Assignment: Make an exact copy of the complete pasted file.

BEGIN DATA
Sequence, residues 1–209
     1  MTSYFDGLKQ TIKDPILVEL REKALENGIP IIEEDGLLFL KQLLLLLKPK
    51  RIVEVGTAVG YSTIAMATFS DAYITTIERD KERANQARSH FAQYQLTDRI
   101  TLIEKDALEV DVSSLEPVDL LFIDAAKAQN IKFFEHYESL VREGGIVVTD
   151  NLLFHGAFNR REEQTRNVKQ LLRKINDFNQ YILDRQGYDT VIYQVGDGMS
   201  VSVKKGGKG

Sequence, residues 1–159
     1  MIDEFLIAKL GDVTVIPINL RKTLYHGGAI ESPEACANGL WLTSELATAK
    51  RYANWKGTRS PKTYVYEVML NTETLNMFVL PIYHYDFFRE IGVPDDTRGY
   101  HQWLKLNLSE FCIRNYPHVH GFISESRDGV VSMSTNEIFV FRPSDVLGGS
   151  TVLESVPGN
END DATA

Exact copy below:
Sequence, residues 1–209
     1  MTSYFDGLKQ TIKDPILVEL REKALENGIP IIEEDGLLFL KQLLLLLKPK
    51  RIVEVGTAVG YSTIAMATFS DAYITTIERD KERANQARSH FAQYQLTDRI
   101  TLIEKDALEV DVSSLEPVDL LFIDAAKAQN IKFFEHYESL VREGGIVVTD
   151  NLLFHGAFNR REEQTRNVKQ LLRKINDFNQ YILDRQGYDT VIYQVGDGMS
   201  VSVKKGGKG

Sequence, residues 1–159
     1  MIDEFLIAKL GDVTVIPINL RKTLYHGGAI ESPEACANGL WLTSELATAK
    51  RYANWKGTRS PKTYVYEVML NTETLNMFVL PIYHYDFFRE IGVPDDTRGY
   101  HQWLKLNLSE FCIRNYPHVH GFISESRDGV VSMSTNEIFV FRPSDVLGGS
   151  TVLESVPGN